In the AL Central, the White Sox this year are like the Indians last year, a major disappointment.  But other than that, the division is playing out pretty much as expected, meaning that there is no compelling story to capture the imagination. 

The National League is every bit as uninteresting.  Whereas every division leader in the American League has at least 50 wins, the closest in the National League are Milwaukee and San Diego with 48.  Milwaukee!  Most fans couldn't name more than two players on the Brewers.  The National League East, on July 2nd, had the dubious distinction of going 0-5.  That pretty much captures what that division is all about.  As for the NL West, it is highly competitive, but given its geographical distance and the fact that most of its games start at about the time most people go to bed around here, it remains an afterthought. 

Contrast all of this with just last season.  At this point last year, the AL East was the strength of the league, with Boston, New York and Toronto all at least 10 games over .500.  In the AL Central, the Tigers had re-emerged after a lengthy slumber and were dominating the division, which makes for a very interesting storyline for Cleveland fans given how many times the teams play each other.  Moreover, three teams in the division were at least 10 games over .500 with the Tigers having won 56 games by this point.  The National League was still a mess, but the Mets were dominating their division and even the Reds were fighting it out for first place in the NL Central.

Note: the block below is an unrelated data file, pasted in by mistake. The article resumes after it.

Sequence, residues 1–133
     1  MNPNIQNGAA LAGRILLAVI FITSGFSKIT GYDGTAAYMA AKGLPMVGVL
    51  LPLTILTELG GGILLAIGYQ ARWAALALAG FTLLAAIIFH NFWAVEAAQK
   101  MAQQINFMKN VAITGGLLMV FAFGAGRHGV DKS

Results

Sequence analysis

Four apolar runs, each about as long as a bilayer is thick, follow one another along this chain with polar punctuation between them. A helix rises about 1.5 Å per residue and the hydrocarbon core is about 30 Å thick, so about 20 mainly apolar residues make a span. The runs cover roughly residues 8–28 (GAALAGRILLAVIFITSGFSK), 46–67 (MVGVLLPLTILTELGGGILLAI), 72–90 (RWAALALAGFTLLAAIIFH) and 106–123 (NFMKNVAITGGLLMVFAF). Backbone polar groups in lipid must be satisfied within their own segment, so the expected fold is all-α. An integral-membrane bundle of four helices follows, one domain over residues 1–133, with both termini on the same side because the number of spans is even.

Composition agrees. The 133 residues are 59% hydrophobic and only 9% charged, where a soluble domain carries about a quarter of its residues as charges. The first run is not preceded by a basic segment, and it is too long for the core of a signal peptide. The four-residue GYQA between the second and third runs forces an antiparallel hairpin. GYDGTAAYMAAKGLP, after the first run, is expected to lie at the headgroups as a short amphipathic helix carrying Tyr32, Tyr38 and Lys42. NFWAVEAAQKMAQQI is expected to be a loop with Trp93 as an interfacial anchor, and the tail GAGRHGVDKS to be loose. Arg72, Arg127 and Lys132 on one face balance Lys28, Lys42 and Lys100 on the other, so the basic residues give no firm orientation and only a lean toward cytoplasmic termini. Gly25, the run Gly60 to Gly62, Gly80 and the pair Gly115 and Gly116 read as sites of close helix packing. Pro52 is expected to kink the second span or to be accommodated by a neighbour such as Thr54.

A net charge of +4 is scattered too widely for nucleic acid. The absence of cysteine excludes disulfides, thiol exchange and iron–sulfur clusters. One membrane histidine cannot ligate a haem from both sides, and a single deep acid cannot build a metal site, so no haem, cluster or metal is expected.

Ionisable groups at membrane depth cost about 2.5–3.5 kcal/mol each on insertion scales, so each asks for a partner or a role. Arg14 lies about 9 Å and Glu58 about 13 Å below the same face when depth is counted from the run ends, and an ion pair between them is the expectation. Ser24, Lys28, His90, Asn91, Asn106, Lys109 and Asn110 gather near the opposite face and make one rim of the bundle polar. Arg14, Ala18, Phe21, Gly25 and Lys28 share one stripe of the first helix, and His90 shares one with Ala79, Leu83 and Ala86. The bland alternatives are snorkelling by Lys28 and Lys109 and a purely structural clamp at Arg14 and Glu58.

Moving beyond the league in general and to the Indians in particular, despite their record there is the lingering feeling that this team really isn't all that interesting or all that good. That may be true if your benchmark is the 1920 Yankees or even the 1995 Indians, but in context to the rest of the league it's untrue. 

Perhaps the most interesting aspect of this team revolves around how it is that it finds itself with 50+ wins already.  At times, it seems held together by paper and paste.  The defense is average, they aren't hitting as well as anticipated and the middle relief remains a source of frustration. 

But yet they are one of the best teams in the league.  It's this paradox that begs for further analysis not indifference.  For example, the starting pitching has been nearly as good as advertised.  In fact, with the emergence of Fausto Carmona, in some ways it's better.  That's a story worth following, in and of itself.  If that isn't good enough, consider that Borowski leads the league with 25 saves despite the fact that nearly everyone of them was a struggle.  A nearly anonymous figure, he's probably the team's MVP to this point.